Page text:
The global effect of COVID-19 is no longer simply a public health issue; it is causing an economic crisis that has a significant impact on the job market and people’s lives. The disease has led to 43% of businesses temporarily closing, and almost all these closures are due to COVID-19. Organizations that have temporarily suspended their activities have pointed mainly to a decline in demand and employee health issues as the reasons for closure. In emergency and disaster management, perception often helps shape personality and how people act in certain situations. This study aims to examine personal risk perception of COVID-19 from many viewpoints and whether it affects motivation with regard to improving personal preparedness. We collected data from three major Japanese cities through a questionnaire survey and analyzed the results of the survey through factor analysis and multiple regression analysis by using the Partial Least Square Structural Equation Modeling (PLS-SEM). The three study areas include (1) the most damaged regions from the 2011 Great East Japan earthquake and tsunami, (2) the capital city and surrounding areas of Tokyo, and (3) Kumamoto, which has recently experienced an earthquake. The findings show a correlation between the nature of the information received during COVID-19 and worriedness and the necessity for adequate information. The expected benefit of this study is to provide guidelines for the government or organizations to make a suitable emergency management plan based on pertinent factors for future pandemics.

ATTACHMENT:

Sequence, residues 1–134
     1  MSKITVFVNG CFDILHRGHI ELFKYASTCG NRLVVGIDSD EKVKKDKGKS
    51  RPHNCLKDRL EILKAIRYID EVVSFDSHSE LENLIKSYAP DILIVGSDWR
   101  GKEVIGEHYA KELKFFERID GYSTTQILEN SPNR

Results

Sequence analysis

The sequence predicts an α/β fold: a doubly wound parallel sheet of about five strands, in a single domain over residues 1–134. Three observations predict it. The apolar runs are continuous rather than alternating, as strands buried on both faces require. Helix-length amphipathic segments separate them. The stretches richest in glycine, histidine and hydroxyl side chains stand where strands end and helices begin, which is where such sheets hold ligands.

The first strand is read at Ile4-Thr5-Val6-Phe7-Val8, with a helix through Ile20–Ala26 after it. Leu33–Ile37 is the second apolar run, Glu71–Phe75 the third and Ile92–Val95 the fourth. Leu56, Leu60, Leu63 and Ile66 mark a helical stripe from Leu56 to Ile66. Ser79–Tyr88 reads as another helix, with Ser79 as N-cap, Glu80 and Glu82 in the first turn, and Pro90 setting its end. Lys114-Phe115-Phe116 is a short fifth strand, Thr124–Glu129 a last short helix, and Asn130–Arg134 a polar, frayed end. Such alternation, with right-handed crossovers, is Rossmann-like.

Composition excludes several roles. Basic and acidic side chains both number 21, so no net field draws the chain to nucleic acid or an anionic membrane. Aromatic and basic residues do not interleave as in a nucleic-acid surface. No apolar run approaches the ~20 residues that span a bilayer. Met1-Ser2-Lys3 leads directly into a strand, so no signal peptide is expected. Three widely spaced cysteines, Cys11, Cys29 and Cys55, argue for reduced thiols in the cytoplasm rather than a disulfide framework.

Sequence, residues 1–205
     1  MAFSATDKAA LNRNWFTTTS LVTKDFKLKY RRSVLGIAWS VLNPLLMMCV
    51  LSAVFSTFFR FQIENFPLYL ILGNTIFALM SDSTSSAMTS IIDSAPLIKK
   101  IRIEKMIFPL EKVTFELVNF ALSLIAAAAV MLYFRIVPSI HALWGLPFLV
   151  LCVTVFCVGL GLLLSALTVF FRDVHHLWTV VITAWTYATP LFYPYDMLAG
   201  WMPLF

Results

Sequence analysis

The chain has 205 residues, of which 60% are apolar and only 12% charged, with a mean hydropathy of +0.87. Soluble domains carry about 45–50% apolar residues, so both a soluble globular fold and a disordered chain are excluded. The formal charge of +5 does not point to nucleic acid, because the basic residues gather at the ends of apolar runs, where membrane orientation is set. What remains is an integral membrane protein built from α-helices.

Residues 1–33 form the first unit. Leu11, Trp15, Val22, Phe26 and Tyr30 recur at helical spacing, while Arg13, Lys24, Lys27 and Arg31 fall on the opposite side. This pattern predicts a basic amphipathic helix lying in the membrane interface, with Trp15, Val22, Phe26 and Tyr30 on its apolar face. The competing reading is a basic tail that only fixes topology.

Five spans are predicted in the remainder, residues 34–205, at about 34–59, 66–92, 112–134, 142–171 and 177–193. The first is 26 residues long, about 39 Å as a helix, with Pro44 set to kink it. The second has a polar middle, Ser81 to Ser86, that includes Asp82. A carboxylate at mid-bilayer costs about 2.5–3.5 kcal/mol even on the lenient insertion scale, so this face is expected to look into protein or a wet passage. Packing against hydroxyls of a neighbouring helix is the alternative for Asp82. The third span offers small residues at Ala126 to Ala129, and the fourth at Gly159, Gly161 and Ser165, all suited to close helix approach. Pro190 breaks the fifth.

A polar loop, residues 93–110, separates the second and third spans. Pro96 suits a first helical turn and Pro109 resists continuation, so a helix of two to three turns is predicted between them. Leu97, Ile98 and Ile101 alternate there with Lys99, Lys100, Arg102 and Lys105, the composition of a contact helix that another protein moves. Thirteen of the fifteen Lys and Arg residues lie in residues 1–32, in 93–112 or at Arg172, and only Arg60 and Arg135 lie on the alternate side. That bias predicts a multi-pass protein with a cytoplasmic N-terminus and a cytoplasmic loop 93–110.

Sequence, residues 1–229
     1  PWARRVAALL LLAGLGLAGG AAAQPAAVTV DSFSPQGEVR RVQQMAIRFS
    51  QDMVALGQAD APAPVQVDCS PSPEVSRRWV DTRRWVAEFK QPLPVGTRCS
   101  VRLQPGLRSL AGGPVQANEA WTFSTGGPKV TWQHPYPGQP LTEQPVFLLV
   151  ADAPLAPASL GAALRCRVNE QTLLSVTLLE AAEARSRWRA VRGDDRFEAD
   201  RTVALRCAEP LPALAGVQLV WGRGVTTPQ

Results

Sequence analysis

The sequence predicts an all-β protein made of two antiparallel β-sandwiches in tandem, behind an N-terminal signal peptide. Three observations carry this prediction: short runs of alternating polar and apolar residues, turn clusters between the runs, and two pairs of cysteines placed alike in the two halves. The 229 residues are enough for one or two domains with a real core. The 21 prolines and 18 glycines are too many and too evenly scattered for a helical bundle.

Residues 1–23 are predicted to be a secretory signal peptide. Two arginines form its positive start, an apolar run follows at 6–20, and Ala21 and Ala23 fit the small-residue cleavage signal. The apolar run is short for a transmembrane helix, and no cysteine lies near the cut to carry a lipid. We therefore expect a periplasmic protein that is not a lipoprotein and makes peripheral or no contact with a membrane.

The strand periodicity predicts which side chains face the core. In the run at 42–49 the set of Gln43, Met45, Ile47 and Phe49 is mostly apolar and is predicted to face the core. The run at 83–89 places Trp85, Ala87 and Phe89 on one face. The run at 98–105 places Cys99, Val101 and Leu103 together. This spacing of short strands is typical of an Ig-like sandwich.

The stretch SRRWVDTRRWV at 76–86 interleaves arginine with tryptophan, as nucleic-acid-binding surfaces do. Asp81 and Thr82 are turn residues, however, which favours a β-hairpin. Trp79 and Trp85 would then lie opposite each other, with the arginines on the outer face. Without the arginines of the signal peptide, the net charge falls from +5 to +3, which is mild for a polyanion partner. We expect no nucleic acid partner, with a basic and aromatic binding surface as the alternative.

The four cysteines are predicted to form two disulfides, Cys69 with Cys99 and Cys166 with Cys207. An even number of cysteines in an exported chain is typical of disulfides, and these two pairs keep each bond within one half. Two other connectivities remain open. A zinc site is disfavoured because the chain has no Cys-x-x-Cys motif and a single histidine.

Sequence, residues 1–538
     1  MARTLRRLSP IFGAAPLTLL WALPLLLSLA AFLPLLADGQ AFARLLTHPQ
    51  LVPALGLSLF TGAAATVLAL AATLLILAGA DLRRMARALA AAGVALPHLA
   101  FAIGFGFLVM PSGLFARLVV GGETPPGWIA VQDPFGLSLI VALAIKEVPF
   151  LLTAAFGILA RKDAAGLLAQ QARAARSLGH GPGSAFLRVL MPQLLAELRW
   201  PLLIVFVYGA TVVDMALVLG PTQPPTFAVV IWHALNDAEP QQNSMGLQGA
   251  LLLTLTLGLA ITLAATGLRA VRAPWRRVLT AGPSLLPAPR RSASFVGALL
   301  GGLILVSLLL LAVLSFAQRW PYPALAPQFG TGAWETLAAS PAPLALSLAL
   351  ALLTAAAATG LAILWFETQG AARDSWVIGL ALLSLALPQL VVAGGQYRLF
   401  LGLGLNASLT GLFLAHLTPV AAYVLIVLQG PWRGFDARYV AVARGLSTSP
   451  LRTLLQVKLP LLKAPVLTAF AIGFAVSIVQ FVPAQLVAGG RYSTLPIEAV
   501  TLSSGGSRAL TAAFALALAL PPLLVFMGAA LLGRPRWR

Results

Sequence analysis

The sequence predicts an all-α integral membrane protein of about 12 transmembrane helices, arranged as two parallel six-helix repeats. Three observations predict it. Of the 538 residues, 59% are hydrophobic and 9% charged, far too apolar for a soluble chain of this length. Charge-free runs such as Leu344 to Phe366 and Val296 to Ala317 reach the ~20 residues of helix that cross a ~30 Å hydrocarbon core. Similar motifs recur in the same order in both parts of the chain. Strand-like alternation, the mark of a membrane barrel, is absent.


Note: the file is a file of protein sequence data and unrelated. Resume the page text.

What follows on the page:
Fuente: International Journal of Disaster Risk Reduction
Available online 3 October 2022, 103322
In Press, Journal Pre-proof